586 total views, 1 views today
The mother of a seven-year old girl with cerebral palsy Mrs Ellen Affam-Dadzie, has established an Inclusive Educational Centre to cater for children with special needs and offer the parents the opportunity to work and earn an income.
The Centre; “With God Cerebral Palsy Ghana,” also offers physiotherapy services and provides quality care for children with cerebral palsy for free.
Mrs Affam-Dadzie, in an interview with the media, said she knew how stressful and frustrating it was to have a child with the condition and decided to offer support to enable mothers of such children to earn an income.
“I do not believe that any family or person should become poor simply because they had a child with cerebral palsy. The mothers’ inability to work, among other factors, is what causes many families to kill these children or even wish their children dead,” she said.
Mrs Affam-Dadzie said since government was not doing much to support families of such children, she decided to start the Centre as her contribution towards reducing their burden.
She said the Centre also gave the children with special needs an opportunity to mingle with other children, adding; “We are practicing inclusion.”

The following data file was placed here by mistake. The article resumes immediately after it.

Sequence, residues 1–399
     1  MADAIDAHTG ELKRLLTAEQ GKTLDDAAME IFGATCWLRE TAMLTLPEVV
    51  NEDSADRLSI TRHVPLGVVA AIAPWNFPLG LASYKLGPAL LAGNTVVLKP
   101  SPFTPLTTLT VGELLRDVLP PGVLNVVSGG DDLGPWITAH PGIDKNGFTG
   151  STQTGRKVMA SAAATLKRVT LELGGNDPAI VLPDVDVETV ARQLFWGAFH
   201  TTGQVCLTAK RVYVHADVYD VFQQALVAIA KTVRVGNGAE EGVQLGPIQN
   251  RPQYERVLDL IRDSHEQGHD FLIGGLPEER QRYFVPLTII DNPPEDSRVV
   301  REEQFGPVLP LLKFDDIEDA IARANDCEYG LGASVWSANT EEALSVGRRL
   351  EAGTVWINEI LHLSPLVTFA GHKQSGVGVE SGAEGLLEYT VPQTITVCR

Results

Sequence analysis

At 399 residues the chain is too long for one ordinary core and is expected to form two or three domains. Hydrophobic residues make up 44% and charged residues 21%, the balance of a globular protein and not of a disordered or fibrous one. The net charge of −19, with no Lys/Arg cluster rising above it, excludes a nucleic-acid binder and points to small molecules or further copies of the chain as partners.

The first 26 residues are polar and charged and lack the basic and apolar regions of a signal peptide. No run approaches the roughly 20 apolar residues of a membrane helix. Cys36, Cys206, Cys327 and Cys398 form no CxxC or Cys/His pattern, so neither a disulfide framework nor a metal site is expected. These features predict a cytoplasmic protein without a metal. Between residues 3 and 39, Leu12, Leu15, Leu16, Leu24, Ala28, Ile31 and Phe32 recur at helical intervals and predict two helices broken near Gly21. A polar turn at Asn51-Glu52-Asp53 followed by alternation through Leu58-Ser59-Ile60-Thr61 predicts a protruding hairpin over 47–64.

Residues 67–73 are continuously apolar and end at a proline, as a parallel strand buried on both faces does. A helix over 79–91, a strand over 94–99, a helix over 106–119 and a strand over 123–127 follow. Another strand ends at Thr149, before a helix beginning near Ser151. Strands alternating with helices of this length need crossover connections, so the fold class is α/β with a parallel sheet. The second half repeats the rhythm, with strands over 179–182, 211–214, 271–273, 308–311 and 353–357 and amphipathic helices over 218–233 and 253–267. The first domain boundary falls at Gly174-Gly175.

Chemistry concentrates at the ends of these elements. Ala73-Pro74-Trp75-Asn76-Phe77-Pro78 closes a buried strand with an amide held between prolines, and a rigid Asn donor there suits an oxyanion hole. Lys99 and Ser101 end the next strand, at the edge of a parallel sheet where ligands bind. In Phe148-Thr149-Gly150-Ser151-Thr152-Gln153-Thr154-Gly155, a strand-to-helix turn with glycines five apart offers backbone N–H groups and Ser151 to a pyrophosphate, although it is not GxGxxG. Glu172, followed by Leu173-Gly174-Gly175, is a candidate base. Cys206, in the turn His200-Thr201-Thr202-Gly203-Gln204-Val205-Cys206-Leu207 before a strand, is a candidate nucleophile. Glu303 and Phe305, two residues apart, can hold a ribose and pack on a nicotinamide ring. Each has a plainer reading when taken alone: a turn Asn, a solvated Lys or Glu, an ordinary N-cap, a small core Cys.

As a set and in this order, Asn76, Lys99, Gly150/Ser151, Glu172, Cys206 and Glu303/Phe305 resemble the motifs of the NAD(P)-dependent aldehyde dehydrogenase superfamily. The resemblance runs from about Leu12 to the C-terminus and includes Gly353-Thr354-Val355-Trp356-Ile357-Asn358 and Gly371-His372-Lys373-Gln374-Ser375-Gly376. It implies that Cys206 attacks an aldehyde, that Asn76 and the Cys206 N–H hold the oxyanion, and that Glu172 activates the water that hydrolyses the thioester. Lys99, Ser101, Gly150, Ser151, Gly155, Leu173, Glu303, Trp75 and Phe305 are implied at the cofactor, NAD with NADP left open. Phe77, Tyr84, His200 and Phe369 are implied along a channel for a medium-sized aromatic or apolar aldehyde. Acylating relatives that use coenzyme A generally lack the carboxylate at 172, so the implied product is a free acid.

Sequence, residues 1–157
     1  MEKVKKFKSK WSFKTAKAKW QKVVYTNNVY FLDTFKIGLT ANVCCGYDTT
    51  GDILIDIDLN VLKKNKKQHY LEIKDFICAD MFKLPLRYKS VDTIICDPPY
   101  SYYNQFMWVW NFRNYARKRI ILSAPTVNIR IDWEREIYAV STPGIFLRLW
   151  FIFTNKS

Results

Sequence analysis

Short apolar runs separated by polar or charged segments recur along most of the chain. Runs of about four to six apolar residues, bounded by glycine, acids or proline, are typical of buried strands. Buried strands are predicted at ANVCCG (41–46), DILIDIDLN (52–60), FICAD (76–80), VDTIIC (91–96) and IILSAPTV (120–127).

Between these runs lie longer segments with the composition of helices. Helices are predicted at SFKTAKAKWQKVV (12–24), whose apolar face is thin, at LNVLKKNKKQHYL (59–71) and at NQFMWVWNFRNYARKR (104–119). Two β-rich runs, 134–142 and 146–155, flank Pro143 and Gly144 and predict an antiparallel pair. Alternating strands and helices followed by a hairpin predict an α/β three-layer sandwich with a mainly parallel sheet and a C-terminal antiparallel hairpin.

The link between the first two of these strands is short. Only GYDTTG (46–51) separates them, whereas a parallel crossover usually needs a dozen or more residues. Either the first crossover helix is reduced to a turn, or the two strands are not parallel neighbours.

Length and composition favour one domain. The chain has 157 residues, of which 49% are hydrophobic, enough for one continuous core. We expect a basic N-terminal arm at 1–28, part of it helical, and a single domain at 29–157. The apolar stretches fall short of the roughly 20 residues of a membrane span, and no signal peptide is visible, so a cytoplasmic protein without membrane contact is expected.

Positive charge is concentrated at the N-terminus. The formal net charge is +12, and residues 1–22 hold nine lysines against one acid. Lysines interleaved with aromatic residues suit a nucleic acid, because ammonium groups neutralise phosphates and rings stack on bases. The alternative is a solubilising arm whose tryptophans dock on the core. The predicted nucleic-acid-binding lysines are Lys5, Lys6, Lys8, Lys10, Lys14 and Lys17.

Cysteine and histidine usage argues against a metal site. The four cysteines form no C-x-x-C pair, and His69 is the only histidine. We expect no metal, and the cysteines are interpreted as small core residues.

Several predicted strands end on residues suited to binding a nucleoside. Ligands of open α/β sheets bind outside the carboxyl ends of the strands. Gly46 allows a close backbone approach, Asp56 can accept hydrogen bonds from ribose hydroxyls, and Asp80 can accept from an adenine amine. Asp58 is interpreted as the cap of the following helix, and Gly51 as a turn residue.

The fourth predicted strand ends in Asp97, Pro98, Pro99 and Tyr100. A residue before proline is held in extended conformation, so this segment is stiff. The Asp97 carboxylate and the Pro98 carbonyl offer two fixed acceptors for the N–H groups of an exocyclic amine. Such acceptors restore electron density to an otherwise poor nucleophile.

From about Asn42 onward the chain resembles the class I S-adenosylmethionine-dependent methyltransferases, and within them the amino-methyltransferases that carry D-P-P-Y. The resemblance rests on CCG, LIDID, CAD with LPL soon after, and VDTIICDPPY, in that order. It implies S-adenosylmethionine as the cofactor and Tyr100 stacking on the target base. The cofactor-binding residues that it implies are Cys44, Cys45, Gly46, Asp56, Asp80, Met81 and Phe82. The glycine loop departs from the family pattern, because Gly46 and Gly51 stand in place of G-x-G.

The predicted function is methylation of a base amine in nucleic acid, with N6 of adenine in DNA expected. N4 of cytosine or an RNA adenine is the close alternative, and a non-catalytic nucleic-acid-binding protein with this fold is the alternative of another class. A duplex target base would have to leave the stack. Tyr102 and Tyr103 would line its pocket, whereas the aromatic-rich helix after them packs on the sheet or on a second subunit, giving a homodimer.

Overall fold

Mrs Affam-Dadzie called on the Government to ensure that the inclusive education policy embraced majority of children with cerebral palsy, if not all.
She said the very few schools in Ghana that admitted children with the condition were very expensive, and many parents could not afford.
“We also intend to set the mothers up in small enterprises so we train the unemployed mothers in soap, beads, batik and tie and dye making among other things, and we hope that corporate organisations will come on board to help us enhance the lives of families with children who have cerebral palsy,” she said.
The Initiator of the Special Mothers Project Mrs Hannah Awadzi, lauded the initiative saying; “This is what the project is looking for; we need mothers to take up the fight for services and do something to help children with cerebral palsy.
She called on the Government, corporate organisations and volunteers; both home and abroad, to support the Centre to make it viable.